Overdose results in these symptoms because of an accelerated heart rate and nervous response, overtaxing these systems. Unconsciousness and coma can occur. Many of these symptoms can lead to death.
Alcohol is a well-known type of depressant, but sometimes exhibits a stimulant effect depending on the amount consumed. An article from Psychology Todayindicates that alcohol behaves like a stimulant during the process of drinking, or while the blood alcohol level (BAC) is ascending. However, after drinking is stopped, as BAC begins to descend, it behaves more like a depressant.
Some additional specific symptoms of alcohol overdose or alcohol poisoning include:
Anabolic steroids are particular types of stimulant that involve chemicals similar to the male hormone testosterone. They are often used to increase strength and muscle growth rather than energy and alertness.
In addition to the other symptoms of stimulant overdose, consuming too much of these drugs can result in:
This type of drug causes hallucinations or a dissociative effect – that is, making the person feel separated from reality. NIDA states that these drugs work on the brain in the areas of perception, mood, and cognition to induce dreamlike states. Hallucinogens include drugs like peyote, LSD, mescaline, and magic mushrooms.
Overdose of hallucinogenic drugs rarely results in death. However, depending on the drug and the degree of overdose, it can cause symptoms that include:
Sometimes overdose of hallucinogens can result in dangerous behavior based on the hallucinations being experienced. These behaviors can also be dangerous or deadly. People who are injured during this type of experience may not even be aware of their injury.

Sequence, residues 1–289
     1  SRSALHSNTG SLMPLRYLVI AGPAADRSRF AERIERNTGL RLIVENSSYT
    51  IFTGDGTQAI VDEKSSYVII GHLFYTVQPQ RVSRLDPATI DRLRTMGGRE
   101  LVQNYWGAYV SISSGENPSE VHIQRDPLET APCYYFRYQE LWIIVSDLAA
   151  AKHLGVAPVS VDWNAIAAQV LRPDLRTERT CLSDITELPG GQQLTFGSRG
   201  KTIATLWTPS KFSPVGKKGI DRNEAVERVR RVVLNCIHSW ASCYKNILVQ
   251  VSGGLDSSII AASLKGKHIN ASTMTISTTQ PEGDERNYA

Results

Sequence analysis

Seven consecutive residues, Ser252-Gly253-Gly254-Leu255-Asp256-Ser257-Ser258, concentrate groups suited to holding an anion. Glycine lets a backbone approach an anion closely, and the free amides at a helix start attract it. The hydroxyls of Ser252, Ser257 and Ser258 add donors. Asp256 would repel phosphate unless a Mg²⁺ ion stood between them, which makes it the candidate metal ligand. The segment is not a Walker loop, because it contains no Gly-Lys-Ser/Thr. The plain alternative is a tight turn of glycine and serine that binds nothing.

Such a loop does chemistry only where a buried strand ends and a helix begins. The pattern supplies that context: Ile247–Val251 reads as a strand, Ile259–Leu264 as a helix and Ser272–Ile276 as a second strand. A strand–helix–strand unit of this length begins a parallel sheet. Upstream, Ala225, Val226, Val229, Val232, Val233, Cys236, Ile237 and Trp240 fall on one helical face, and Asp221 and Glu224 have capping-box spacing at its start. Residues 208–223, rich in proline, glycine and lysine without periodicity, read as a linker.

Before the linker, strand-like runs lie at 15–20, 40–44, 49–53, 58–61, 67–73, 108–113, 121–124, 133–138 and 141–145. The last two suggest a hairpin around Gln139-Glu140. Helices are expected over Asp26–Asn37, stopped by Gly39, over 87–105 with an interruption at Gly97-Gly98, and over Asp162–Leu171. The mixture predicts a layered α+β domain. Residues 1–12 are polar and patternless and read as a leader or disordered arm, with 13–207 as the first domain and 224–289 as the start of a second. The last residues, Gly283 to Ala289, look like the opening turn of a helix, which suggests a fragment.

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When someone is experiencing an overdose, the most important thing to do is call 911 and get immediate medical intervention. However, some people might not be willing to call for help due to certain biases that people hold about drug overdose and fear of what can happen to them if they call for help.
These stigmas include feelings that people have about those who abuse drugs. A study from the Journal of Health and Social Behavior indicates that stigma against those who are mentally ill and who abuse drugs can affect the wellbeing and treatment of these individuals. Labeling individuals as “addicts” can also stigmatize them, making them feel that they are unworthy of or unable to obtain treatment and recovery. This can lead to them continuing to use drugs to the point that overdose becomes nearly inevitable, when it doesn’t have to be.
A different kind of stigma stems from the legal implications of drug abuse and overdose, especially when the abuse has led to illegal actions such as possessing drug paraphernalia, or being under the influence of or possessing illicit drugs. According to the National Conference of State Legislatures, many people avoid getting help for overdose victims or for self-overdose because of fear of police involvement.
Because of this fear, many states have enacted legal protections for those who report a suspected overdose. These “Good Samaritan” laws are designed to encourage people to report an overdose so the person can get emergency help in a timely manner.
The legal complications that can prevent people from seeking help for drug overdose may be overcome by knowing more about the Good Samaritan laws established in a number of states. These laws protect people who are experiencing a drug overdose, or those who may witness or be otherwise involved in a drug overdose. The laws providing legal protection for those who report a drug overdose vary by state.
In addition, there is a medication called naloxone hydrochloride (known as naloxone or Narcan) that can reverse the effect of opiates. This medicine is often used as a rescue method for people who have overdosed on opiate drugs. Naloxone is a prescription medication, which means it is technically not to be distributed by a layperson; as a result, there are laws in many states that regulate naloxone distribution by doctors and administration of the substance by someone who is not a doctor.